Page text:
In most countries of the region, governments have come to realize the shortcomings of their current responses to drought and have begun developing institutional arrangements for a shift from a crisis management approach to long-term drought management. The government of Morocco has recently established a National Drought Observatory (NDO), with the goal of collecting, analyzing, and delivering drought-related information in a timely manner (Ameziane, 2001). As part of its mandate, the NDO has to characterize drought, conduct vulnerability assessments, establish criteria for declaring drought and triggering mitigation and response activities, and establish procedures for evaluating the effectiveness of drought programs. The NDO is thus clearly a technical coordinating unit at the apex of a virtual structure composed of technical experts from different government administrations, dealing with different aspects of drought management through technical committees and working groups.
Syria has requested assistance from the Food and Agriculture Organization of the United Nations (FAO) to develop a national drought policy and strategy. The goal of the policy is to reduce vulnerability to drought, minimize drought impact, and facilitate postdrought recovery (Sweet, 2001). The FAO assistance will also help Syria specify how the policy will be implemented and translated into drought management plans for different ecological zones and livelihood systems.
In Tunisia the Ministry of Agriculture has developed detailed guidelines for drought management. The guidelines list a range of drought mitigation activities, which are specified according to drought stage (drought planning, management, and post-drought recovery), drought scenario (dry autumn, dry winter, dry spring, and dry year), and economic sector (Louati et al., 1999).
Regardless of the diversity of approaches, the governments of the Near East countries will need to consider the general experience gained elsewhere, which is that the institutional arrangements may determine the effectiveness of any drought monitoring system. The first requirement is to establish a multidisciplinary central drought management unit (CDMU), which has a legal status, a mandate, and its own core staff. Given the multi-institutional and multidisciplinary nature of drought management, the free flow of information is of critical importance. For this reason the CDMU would be most effective if housed in a coordinating ministry, such as a prime minister's or president's office, or a planning ministry, rather than a line ministry. This way it would have access to the multidisciplinary manpower and information sources in other ministries.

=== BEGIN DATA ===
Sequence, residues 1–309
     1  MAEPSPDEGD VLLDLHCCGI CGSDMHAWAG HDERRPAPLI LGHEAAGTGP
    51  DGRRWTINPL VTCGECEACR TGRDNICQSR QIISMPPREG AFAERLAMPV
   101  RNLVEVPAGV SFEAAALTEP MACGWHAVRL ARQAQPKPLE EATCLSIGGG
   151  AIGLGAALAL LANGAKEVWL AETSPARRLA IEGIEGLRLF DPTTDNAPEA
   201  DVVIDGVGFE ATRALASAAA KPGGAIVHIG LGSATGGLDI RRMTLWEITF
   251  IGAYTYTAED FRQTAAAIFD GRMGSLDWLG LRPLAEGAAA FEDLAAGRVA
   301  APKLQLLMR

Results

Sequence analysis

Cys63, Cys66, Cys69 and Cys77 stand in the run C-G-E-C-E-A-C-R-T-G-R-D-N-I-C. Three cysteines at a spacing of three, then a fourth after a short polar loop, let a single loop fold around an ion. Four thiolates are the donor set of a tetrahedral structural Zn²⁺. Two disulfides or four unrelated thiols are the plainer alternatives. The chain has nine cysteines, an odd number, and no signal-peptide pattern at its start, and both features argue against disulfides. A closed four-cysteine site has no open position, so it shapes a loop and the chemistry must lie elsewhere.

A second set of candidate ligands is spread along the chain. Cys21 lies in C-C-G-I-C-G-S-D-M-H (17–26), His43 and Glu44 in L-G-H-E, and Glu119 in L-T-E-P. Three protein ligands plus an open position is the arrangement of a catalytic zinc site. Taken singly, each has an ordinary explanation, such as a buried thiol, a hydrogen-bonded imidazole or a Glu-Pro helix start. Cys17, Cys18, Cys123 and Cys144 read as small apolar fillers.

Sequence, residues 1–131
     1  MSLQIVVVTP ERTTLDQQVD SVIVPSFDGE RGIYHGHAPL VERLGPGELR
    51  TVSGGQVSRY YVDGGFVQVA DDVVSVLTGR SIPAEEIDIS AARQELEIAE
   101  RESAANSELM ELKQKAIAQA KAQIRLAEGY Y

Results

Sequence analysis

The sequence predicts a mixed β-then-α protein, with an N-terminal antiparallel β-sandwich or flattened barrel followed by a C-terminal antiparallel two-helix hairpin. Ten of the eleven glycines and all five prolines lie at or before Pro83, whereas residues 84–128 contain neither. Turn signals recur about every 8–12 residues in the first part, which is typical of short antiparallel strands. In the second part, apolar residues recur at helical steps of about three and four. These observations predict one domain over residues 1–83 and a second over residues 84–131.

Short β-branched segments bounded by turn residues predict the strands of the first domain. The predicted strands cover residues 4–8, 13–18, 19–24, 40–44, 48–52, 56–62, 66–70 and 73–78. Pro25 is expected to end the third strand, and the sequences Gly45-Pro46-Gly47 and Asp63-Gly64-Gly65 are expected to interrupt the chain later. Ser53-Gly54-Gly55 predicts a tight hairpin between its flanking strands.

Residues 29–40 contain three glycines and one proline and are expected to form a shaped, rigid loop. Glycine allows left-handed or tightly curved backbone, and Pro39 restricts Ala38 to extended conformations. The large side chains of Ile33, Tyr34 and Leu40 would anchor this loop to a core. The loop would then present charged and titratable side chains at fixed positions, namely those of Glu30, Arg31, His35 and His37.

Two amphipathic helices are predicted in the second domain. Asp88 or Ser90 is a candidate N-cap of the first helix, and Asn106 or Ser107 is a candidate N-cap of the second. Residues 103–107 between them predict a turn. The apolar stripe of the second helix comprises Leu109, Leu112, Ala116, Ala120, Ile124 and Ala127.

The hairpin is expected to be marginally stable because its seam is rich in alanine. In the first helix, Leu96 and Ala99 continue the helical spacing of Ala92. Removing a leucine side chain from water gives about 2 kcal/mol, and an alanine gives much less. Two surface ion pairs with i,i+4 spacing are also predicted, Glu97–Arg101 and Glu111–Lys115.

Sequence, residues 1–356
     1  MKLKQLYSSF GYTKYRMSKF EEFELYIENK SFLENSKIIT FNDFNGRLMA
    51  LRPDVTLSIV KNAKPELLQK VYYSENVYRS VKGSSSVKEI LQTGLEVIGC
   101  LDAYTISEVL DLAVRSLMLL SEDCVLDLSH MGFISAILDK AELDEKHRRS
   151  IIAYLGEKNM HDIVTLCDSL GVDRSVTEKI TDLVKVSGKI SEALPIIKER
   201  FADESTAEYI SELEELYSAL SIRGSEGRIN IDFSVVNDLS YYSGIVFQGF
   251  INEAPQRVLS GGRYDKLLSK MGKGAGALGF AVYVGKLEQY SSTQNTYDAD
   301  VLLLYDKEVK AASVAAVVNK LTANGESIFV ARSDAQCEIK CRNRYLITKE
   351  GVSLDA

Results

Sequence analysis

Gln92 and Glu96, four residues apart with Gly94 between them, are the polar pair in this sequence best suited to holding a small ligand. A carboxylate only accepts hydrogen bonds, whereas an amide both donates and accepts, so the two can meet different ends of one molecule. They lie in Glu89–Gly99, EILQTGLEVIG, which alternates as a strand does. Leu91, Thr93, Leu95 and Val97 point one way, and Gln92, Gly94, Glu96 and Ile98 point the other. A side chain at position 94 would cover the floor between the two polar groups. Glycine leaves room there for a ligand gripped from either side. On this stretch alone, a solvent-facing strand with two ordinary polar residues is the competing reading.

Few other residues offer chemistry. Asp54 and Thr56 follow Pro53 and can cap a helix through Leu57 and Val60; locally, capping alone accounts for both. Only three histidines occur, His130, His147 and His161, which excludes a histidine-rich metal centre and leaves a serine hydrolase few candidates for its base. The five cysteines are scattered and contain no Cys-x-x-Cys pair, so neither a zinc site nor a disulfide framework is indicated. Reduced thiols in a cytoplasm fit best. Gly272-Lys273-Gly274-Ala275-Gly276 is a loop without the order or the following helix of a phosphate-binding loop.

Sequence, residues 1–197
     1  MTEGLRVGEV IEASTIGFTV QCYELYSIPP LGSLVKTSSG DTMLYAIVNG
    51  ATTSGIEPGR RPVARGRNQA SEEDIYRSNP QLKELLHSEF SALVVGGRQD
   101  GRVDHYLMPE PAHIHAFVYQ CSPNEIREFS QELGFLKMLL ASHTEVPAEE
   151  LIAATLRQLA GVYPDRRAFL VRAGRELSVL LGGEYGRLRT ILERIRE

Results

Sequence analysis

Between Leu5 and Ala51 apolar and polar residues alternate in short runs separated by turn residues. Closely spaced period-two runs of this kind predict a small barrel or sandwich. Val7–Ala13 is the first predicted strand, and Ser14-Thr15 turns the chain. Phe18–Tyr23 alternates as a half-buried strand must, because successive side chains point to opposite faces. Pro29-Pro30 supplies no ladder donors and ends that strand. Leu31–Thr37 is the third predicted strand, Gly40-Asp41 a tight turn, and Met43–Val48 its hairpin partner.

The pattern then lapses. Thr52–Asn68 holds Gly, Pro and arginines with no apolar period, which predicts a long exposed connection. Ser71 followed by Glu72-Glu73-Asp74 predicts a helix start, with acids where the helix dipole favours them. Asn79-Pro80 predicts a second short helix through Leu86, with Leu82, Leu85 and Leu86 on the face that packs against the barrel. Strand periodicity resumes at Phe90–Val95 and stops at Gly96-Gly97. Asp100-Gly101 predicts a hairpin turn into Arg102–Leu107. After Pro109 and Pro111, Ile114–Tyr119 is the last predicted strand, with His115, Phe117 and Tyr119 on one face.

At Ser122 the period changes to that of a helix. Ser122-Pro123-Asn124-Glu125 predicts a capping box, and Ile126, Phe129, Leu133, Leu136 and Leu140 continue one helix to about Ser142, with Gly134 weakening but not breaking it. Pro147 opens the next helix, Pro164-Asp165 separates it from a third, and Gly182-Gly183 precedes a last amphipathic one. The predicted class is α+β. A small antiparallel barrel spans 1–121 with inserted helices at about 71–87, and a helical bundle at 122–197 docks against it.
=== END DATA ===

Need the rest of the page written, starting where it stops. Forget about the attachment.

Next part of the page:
The international experience also indicates that countries can have excellent policies that are not implemented because there is no strategy or government mechanism to translate them into concrete action plans. Major responsibilities of the CDMU would be to develop or update policy to facilitate drought mitigation and ensure a linkage between drought policy and drought management strategies.
Under the general supervision of the CDMU, but not necessarily in the same ministry, a drought early warning unit needs to be established with a more technical character. This unit would compile and interpret all data required to monitor drought extent and impact and report through regular or special bulletins to the CDMU. The experience of international food security information systems, such as the Global Information and Early Warning System (GIEWS) or the Famine Early Warning System (FEWS; chapter 19), although not fully transferable in a drought and different economic context, may be useful to develop the specifications for national drought early warning systems in North Africa and West Asia.
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